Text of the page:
Well, if Ron Brown says it's a bad idea, then it's probably a bad idea. I'm just glad it worked for me and my motobecane engine is not in 1,000,000 pieces, or a molten puddle of aluminum on the floor.
If you aren't worried about the cylinder, I would go ahead and try the ice method. The only thing I would be afraid of is cracking the cylinder because of the low temperature brittleness and the ice becomnig non-fluid. If that happens then it would still help get the piston out of there.
As for the risk of explosion, this is why they put safety valves in steam-powered espresso makers - heating water in a confined space isn't exactly safe. I was fairly confident that something would give way before it exploded.
Is there any way you could plug up your exhaust port? If it uses a bolt on flange, you could bolt on a piece of plate steel, or if it's the kind with the big nut that screws into the port, maybe you could find something round that would fit in under the nut. If your transfer ports are uncovered, that's a different story.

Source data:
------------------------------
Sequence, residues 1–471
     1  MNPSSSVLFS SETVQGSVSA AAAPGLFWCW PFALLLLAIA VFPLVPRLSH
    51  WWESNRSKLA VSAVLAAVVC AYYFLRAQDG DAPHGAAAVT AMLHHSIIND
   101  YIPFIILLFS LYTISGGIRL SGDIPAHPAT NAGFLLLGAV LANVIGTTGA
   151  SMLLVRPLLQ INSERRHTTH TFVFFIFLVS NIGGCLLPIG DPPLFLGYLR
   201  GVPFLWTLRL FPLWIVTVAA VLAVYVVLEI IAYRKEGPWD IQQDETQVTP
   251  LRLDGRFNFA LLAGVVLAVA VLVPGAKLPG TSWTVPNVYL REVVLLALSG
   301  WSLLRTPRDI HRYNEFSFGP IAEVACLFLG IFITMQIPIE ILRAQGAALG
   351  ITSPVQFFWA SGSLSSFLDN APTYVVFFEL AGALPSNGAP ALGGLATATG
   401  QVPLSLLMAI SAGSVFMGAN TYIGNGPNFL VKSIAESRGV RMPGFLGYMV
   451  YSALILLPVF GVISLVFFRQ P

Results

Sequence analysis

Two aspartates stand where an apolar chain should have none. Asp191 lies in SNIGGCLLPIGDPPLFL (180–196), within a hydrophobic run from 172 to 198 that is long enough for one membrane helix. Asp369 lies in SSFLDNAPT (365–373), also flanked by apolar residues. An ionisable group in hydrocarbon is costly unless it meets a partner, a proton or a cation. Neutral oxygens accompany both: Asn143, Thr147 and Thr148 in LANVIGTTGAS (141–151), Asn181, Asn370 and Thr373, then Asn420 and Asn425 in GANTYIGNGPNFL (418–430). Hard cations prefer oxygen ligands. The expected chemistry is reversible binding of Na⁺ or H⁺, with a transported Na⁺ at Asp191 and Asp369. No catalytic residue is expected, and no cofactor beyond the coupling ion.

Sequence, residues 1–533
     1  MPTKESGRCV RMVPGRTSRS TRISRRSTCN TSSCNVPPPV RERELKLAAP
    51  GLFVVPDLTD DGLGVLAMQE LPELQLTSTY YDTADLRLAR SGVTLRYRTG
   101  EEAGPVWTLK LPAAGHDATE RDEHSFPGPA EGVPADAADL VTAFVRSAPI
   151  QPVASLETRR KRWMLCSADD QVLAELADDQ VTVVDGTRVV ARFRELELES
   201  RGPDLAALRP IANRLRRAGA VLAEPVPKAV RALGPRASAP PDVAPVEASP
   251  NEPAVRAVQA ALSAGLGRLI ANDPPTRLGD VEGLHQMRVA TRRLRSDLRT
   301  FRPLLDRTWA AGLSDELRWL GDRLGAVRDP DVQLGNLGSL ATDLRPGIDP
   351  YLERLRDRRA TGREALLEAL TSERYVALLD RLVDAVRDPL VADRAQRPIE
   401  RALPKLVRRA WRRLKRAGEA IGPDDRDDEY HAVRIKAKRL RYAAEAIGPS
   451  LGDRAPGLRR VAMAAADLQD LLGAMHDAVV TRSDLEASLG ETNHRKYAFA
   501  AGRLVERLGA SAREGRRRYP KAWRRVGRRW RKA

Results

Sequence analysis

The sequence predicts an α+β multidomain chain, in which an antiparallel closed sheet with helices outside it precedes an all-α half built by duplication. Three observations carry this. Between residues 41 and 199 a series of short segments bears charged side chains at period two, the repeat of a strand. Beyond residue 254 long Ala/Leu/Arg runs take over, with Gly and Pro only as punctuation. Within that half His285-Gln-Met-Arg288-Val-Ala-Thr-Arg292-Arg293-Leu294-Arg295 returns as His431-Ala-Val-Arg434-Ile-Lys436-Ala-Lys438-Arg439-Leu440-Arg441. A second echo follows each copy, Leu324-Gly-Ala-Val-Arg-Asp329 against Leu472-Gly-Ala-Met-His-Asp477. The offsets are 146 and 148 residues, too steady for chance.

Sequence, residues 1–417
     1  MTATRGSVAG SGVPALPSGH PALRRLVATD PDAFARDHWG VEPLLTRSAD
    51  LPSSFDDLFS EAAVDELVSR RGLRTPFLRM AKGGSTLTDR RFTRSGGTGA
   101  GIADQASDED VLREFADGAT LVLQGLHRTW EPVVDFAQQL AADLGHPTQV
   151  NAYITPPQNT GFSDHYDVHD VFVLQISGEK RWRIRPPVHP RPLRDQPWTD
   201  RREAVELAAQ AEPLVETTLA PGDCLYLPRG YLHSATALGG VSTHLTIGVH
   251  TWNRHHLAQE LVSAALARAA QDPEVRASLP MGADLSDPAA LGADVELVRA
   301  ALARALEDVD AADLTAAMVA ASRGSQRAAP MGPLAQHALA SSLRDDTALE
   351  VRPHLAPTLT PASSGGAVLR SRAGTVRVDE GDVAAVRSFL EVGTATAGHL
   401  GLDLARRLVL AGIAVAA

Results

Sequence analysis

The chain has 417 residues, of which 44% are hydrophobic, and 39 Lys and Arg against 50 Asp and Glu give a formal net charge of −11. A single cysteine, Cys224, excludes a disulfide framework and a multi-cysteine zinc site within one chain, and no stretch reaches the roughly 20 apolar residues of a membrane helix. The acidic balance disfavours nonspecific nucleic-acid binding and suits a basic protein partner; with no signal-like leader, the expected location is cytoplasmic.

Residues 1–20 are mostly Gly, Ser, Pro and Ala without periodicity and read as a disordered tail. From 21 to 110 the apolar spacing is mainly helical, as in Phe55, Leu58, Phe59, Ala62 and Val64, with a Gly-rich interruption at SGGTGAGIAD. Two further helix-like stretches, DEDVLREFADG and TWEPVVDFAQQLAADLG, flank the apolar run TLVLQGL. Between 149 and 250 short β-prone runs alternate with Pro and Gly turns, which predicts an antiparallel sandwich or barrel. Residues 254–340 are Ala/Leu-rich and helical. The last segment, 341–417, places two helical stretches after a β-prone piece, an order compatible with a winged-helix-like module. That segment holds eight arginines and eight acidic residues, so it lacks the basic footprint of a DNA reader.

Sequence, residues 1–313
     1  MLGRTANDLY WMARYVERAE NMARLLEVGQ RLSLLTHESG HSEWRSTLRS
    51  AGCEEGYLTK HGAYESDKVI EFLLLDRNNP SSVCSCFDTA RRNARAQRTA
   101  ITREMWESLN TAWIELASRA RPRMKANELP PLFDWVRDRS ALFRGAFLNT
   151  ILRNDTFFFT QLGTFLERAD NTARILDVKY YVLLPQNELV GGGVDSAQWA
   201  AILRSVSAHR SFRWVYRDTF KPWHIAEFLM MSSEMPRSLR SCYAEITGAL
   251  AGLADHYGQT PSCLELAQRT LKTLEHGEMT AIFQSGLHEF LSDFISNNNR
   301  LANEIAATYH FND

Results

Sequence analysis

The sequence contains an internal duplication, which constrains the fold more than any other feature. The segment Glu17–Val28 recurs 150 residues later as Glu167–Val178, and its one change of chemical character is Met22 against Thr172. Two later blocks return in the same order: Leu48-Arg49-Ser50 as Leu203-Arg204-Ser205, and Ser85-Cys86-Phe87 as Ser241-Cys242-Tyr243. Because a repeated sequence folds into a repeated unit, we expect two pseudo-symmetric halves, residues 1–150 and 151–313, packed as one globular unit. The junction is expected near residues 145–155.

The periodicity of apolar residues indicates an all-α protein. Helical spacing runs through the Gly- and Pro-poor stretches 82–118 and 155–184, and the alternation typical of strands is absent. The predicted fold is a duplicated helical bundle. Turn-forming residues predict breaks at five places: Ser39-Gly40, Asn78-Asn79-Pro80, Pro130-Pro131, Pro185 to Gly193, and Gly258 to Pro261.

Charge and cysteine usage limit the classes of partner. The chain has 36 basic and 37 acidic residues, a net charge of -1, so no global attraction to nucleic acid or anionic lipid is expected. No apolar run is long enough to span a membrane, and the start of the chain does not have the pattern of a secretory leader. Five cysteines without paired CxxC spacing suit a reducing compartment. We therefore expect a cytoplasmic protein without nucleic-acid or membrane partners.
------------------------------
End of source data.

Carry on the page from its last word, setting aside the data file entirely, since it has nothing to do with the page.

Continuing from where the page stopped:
Did you try the heating and quenching method? I may be corrected but it really seems like that would work the best. If you just heat it, I'm sure the piston would expand even more into the cylinder walls. It takes a lot of heat to raise the temperature of that cylinder, considering the mass of it and the fact that it's designed to conduct heat away from the cylinder. If you torch it for a really long time, it could make a real difference. I found the best way was to set the torch up so that it's blowing diagonally down the side of the cylinder, and you can see a swirling of the gas all around the cylinder wall. Then you can switch sides to heat it more evenly. You could also heat the cylinder from the outside, and hopefully get more heat to the cylinder and less to the piston.
Good luck. After all this it should feel really good when the piston does come out.